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A Few More Last Words

And one more thing...

All this debate about fan fiction, here and on Diana Gabaldon's blog and Charlie Stross's blog and ten or twenty or a hundred other places on the internet, has generated (I hope) a certain amount of light and (I know) an enormous amount of heat.

Why is that? I wonder. Why do both sides get so incensed about this issue?

There's a lot been said about copyright and trademark and infringement and fair use and who has the right to make money off what, and all that's well and good, valuable stuff, worth discussing and debating... but the fanfictioneers keep saying that it's all about love, never about money, and as I ponder this, I think they're right.

It is all about love.

On both sides.

Let's forget about all the legal and financial issues here. We've discussed those to death. Let's just talk about the emotions.

Here's the thing. I think the fan fictioneers write about certain characters because they love them. And I think the writers who object to having their characters written about do so because they love them too. Which brings us back to the "my characters are my children" thing, which may be central.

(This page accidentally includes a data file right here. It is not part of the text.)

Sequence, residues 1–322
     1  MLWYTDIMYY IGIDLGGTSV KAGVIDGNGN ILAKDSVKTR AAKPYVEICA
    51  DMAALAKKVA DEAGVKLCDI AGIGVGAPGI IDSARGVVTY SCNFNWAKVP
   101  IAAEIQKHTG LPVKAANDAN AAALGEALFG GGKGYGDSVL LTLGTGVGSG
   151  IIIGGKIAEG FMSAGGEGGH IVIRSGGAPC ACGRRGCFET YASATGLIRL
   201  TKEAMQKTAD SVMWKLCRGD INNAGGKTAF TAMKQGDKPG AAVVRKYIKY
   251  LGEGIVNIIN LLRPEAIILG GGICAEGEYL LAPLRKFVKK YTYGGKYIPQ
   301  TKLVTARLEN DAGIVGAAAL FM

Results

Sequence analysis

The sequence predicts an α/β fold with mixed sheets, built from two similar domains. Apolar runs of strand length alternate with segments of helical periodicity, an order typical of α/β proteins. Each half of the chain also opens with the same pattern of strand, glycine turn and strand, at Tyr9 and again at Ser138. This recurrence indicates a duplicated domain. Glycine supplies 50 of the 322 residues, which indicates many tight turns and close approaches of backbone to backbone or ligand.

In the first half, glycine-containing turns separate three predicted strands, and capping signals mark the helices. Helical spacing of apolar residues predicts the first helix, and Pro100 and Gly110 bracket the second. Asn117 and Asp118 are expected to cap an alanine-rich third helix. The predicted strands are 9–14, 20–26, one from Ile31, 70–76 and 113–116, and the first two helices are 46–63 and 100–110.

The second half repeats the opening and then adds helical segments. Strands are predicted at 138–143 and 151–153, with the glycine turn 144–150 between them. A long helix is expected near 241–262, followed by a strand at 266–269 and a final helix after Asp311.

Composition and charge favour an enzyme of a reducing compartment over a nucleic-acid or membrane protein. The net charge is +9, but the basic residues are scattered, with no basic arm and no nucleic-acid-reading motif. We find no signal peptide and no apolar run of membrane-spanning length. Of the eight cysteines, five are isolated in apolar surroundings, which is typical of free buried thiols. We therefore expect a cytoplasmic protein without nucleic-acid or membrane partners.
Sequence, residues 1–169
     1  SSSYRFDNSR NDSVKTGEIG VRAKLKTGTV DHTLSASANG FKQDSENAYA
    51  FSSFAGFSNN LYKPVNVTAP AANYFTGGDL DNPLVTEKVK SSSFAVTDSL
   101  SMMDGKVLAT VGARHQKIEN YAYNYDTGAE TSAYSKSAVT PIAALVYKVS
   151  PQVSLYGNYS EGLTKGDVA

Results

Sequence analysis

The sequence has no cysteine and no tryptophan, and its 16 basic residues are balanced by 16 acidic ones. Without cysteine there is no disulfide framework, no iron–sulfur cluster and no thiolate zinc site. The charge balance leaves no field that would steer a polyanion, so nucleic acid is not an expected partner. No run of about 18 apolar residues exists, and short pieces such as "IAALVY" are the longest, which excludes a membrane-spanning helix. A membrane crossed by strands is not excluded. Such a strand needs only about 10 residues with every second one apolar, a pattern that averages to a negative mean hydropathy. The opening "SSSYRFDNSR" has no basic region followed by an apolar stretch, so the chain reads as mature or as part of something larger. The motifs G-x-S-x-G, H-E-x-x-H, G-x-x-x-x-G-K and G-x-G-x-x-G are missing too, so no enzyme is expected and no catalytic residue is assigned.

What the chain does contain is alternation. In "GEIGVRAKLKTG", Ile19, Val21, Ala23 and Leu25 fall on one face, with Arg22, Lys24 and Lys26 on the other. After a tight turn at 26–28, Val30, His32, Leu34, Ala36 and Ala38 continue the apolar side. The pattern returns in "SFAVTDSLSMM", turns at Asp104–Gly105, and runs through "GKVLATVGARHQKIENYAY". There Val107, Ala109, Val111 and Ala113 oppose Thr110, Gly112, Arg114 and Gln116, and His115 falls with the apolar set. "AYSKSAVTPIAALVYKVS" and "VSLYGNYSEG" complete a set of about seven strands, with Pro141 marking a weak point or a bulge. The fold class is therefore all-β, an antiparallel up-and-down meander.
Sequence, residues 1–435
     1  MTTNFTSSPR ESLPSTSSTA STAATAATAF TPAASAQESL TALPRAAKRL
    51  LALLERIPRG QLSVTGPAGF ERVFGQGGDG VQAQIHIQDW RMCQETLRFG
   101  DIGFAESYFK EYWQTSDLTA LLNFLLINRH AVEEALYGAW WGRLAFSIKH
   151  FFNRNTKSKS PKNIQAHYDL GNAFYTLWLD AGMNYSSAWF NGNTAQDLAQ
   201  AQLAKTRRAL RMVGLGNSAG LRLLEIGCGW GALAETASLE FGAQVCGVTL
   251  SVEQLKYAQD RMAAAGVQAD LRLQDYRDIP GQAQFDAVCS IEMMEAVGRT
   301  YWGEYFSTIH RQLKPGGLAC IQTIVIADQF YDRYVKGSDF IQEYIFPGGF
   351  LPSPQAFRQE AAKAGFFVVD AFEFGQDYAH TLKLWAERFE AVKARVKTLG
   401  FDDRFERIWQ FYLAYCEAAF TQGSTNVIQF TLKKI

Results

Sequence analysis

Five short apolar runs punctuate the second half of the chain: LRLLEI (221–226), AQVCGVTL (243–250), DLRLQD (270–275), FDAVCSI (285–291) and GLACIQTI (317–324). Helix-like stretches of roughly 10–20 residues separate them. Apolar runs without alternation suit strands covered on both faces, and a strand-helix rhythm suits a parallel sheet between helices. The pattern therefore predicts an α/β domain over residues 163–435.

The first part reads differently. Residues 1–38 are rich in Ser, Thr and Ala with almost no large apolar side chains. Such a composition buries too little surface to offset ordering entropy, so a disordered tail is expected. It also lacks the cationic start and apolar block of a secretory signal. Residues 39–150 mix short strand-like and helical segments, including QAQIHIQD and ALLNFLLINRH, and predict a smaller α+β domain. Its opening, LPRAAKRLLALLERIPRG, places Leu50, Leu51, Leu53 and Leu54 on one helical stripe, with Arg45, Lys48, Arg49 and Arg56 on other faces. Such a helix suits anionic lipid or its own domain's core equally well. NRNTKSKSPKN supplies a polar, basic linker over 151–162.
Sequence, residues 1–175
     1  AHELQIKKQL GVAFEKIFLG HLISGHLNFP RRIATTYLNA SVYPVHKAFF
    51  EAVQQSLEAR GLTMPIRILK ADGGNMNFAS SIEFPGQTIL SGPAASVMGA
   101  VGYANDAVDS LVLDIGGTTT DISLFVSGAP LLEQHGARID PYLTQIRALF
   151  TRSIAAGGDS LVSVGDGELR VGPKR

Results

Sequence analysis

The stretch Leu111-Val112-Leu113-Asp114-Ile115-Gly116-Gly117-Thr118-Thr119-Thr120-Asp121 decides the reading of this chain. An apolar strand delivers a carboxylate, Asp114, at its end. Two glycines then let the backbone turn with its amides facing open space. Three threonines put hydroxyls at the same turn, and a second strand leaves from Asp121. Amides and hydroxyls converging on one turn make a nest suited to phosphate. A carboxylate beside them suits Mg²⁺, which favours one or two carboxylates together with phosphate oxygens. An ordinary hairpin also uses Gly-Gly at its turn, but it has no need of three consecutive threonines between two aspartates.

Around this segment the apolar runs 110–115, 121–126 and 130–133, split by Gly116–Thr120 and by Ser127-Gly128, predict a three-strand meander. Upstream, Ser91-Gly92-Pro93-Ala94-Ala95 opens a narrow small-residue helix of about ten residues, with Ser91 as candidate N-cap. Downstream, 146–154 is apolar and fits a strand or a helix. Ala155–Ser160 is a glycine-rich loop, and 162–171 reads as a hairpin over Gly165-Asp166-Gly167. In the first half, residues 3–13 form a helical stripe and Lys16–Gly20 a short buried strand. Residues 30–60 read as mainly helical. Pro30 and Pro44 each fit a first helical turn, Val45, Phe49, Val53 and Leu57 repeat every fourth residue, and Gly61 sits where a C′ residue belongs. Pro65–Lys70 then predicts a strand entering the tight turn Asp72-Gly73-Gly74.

Now, not all writers feel this way, certainly. Some will say, "Do whatever you want with my characters, I don't care, so long as you don't impinge on my ability to make a living. If you start f*cking with my income stream, I'll shut you down. Elsewise, have fun." Which is fine, if you share that view. But y'know, I don't. I'll never say something like that. I DO care what you do with my characters.

Fiction is fiction. It's all made up. Dreams and visions made of word on paper. Every writer who isn't insane knows that. Every reader too. But still...

When I was kid back in the 50s, I read a lot of comic books, including Superman books -- SUPERMAN, ACTION, LOIS LANE, JIMMY OLSEN. At that time, those comics would occasionally publish what they called "Imaginary Stories." Even as a kid, I knew that was a stupid name. I mean, ALL the stories were imaginary, weren't they? Today we'd call them "What If" stories or "Alternate Universe" stories. They were stories outside the usual Superman continuity. "What If Krypton Never Blew Up" and "What If Superman and Lois Got Married," stuff like that. Some of them were pretty good stories. Lots happened in them -- more than ever happened in the "real" Superman stories of the 50s. Even so, they never completely engaged me. Because they weren't REAL.